Farm Boy (novel)

Farm Boy is a novel by Michael Morpurgo, best known as being the sequel to the popular novel War Horse. The book was first published in the United Kingdom in 1997 by Pavilion Books Limited and is illustrated by Michael Foreman. It was not initially planned for Morpurgo to write a sequel to War Horse, but the story was inspired after receiving many enquiries about what happens to Joey, a horse in service of the Army (the main character from War Horse) after the Great War.[1] In an article in ChronicleLive Michael Morpurgo also stated that his favourite of his own works was Farm Boy.[2] The book captures modern life on a farm in rural Devon, where Michael Morpurgo lives,[3] while having retrospective flashbacks to the lives of Albert and Joey (characters from War Horse). He stated in the article in ChronicleLive:

1997 novel
This article is about the children’s book. For the supermarket chain, see Farm Boy.
Farm Boy

First edition
Author Michael Morpurgo
Illustrator Michael Foreman
Country United Kingdom
Language English
Series War Horse
Genre Historical Fiction, Animals, Children’s
Published 1997 Pavilion Books
Pages 112
ISBN

978-0007450657

Preceded by War Horse 

“I think Farm Horse because it’s about my home and because I know every lane, every hedge and every field in the book because it’s right outside my window. It’s very close to my heart and Michael Foreman’s illustrations are simply to die for. He really responded to it beautifully.”

Farm Boy was republished in 1999 by Harper Collins Children’s Book,[4] though it was never as successful as the original novel.

. . . Farm Boy (novel) . . .

Main protagonist – a young boy, who grows over the course of the story to become a young adult. He is the great-grandson of Albert. He lives in London, but often visits Grandpa over the summer and enjoys listening to his stories as well as helping him around the farm.
Grandpa – The grandfather of the protagonist and the son of Albert. He regularly tells stories to the protagonist about his life and the stories he learned of his Father.
Albert/Father/Corporal – The father of Grandpa and the original owner of Joey. He is a character from the book War Horse as well as this book. From when he first met Joey, he deeply cared about him, and went to extreme lengths to keep him safe and by his side. Albert is never referred to by his first name in the book. Instead he is either called Father by Grandpa, or the “Corporal” by townsfolk.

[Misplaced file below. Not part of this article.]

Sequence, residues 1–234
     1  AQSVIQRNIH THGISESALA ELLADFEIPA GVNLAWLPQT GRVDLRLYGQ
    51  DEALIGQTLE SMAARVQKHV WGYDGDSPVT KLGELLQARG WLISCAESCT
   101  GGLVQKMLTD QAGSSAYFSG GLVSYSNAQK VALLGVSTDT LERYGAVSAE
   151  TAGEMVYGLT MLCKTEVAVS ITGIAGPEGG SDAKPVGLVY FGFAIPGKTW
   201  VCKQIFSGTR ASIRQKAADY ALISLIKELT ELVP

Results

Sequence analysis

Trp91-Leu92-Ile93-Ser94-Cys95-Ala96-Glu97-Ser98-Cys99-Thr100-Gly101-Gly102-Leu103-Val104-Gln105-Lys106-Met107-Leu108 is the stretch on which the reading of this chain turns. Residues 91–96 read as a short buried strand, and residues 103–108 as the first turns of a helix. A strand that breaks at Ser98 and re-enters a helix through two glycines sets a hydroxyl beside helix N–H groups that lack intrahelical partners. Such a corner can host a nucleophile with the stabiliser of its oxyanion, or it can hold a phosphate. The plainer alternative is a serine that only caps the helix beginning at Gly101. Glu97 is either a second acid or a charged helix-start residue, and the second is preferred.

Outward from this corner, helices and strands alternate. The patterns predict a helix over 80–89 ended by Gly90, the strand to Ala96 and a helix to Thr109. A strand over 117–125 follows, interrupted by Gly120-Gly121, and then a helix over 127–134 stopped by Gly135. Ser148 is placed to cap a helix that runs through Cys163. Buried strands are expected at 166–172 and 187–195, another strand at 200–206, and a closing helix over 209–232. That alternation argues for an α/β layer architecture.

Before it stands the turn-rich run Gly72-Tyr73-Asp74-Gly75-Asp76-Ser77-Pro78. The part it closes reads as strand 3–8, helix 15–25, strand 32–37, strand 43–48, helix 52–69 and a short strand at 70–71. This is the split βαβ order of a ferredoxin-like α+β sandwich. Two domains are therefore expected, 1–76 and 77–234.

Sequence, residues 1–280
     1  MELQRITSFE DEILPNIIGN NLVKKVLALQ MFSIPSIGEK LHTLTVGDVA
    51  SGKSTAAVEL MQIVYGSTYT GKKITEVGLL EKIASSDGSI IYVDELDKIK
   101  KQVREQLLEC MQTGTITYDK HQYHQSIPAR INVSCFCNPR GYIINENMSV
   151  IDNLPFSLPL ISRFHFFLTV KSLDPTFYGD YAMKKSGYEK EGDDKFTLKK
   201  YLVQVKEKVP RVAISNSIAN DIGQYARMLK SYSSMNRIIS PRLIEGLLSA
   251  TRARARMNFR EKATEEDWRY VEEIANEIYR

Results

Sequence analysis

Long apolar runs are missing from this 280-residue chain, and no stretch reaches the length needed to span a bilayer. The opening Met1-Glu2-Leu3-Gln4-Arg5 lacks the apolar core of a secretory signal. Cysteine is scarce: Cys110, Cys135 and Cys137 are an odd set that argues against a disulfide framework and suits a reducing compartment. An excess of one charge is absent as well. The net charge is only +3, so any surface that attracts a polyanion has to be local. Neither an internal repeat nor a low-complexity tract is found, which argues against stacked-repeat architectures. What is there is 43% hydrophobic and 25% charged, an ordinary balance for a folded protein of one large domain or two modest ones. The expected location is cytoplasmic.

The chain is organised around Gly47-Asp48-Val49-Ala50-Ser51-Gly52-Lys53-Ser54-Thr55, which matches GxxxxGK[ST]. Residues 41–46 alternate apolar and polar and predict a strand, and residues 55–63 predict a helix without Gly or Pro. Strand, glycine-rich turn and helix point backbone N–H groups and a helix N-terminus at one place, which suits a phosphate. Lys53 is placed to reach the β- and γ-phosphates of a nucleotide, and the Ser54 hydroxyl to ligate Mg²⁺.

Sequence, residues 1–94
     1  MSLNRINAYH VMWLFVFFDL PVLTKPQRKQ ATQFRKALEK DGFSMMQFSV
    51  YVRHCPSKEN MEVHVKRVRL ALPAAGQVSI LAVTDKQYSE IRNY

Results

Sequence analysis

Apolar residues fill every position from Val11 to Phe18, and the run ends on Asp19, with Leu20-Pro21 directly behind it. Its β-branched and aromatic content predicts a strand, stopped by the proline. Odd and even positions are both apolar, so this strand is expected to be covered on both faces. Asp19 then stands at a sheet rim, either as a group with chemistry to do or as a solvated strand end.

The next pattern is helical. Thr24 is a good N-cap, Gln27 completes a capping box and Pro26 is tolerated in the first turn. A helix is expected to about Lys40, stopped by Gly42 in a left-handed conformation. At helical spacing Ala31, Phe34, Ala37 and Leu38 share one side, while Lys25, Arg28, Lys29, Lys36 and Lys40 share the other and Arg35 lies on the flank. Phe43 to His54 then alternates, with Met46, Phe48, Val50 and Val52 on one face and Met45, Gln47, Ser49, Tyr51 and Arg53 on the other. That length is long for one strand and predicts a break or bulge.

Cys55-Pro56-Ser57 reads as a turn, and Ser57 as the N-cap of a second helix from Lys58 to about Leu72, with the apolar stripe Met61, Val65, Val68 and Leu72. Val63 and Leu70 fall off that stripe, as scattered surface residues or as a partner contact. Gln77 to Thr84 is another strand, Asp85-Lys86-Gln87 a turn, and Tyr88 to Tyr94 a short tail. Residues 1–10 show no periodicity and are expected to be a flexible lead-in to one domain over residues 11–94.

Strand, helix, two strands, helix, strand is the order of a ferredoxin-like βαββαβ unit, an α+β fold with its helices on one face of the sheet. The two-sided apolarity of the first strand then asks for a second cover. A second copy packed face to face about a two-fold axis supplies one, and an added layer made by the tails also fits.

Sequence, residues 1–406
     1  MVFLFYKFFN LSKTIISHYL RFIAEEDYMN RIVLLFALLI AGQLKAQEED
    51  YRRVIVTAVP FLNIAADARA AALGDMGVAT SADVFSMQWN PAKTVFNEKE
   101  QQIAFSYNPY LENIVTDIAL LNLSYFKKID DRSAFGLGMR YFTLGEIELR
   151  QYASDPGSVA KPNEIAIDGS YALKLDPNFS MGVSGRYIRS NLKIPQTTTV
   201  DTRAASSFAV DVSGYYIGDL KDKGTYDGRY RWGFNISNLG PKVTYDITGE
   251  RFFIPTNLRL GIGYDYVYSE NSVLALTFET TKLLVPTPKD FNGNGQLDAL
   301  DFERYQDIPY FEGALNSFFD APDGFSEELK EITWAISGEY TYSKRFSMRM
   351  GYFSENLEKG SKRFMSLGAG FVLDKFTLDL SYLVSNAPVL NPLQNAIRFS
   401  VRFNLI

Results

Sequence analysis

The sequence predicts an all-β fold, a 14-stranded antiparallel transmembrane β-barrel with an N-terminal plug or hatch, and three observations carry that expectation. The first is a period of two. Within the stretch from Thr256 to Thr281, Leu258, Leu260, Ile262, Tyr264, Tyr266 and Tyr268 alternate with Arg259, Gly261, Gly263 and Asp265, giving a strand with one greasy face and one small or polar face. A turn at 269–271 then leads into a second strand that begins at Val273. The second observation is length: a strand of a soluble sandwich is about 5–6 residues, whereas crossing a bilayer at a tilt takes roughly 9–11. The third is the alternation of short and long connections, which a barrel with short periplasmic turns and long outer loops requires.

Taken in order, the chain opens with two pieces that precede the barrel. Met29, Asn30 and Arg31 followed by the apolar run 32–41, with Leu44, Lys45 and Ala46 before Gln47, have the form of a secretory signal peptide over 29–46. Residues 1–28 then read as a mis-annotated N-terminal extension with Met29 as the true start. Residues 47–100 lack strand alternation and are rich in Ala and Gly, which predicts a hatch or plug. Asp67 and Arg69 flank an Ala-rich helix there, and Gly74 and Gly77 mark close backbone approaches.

Joey – the younger horse owned by Albert and the main protagonist from the prequel War Horse. While the first book is narrated by Joey, Farm Boy is narrated entirely by humans, and so Joey is more realistic in a sense from this book’s perspective.
Zoey – An old mare and the second horse that Albert owns. Zoey is older than Joey by about 5 years and was on Albert’s farm when Albert was a child before Joey.
Harry Medlicott – A rich neighbouring farmer. In the course of the book he begins to dispute with Albert, believing that his new tractor is far superior to Albert’s horses Joey and Zoey.

The story begins in “Burrow”, a farm house in Devon where the protagonist, a young boy at the beginning of the story, visits his Grandpa. The young boy enjoys regularly visiting his Grandpa, especially during the summer, and imagining himself driving the old green Fordson tractor in the back of the barn. It is acknowledged that this tractor is very important. The grandfather tells the protagonist the story behind how he loves swallows- that they were the first birds he ever saw and when his Father was young (the great grandfather of the protagonist) the Father would go out and pinch the eggs of sparrows and rooks because they would always interfere with the farm; his Father would leave the swallows’ nests alone because they never bothered his farm. In fact, Father even punched a friend for stealing from a swallow’s nest, getting Father into trouble. Father is described as always managing to get into fights when he was younger.